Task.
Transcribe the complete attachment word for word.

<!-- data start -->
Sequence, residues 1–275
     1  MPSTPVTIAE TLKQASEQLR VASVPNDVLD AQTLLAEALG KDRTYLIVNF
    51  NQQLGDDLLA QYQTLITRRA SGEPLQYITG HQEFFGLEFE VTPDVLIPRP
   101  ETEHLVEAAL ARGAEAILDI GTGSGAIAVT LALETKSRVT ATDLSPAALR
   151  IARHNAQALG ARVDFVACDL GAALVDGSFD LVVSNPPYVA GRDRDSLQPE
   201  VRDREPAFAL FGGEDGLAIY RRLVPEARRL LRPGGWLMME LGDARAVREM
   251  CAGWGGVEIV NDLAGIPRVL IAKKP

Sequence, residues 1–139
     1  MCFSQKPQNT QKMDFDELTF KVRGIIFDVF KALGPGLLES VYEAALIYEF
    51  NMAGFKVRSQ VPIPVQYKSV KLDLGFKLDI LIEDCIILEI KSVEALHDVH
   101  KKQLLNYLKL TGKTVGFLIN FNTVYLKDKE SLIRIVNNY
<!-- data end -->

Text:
Sequence, residues 1–275
     1  MPSTPVTIAE TLKQASEQLR VASVPNDVLD AQTLLAEALG KDRTYLIVNF
    51  NQQLGDDLLA QYQTLITRRA SGEPLQYITG HQEFFGLEFE VTPDVLIPRP
   101  ETEHLVEAAL ARGAEAILDI GTGSGAIAVT LALETKSRVT ATDLSPAALR
   151  IARHNAQALG ARVDFVACDL GAALVDGSFD LVVSNPPYVA GRDRDSLQPE
   201  VRDREPAFAL FGGEDGLAIY RRLVPEARRL LRPGGWLMME LGDARAVREM
   251  CAGWGGVEIV NDLAGIPRVL IAKKP

Sequence, residues 1–139
     1  MCFSQKPQNT QKMDFDELTF KVRGIIFDVF KALGPGLLES VYEAALIYEF
    51  NMAGFKVRSQ VPIPVQYKSV KLDLGFKLDI LIEDCIILEI KSVEALHDVH
   101  KKQLLNYLKL TGKTVGFLIN FNTVYLKDKE SLIRIVNNY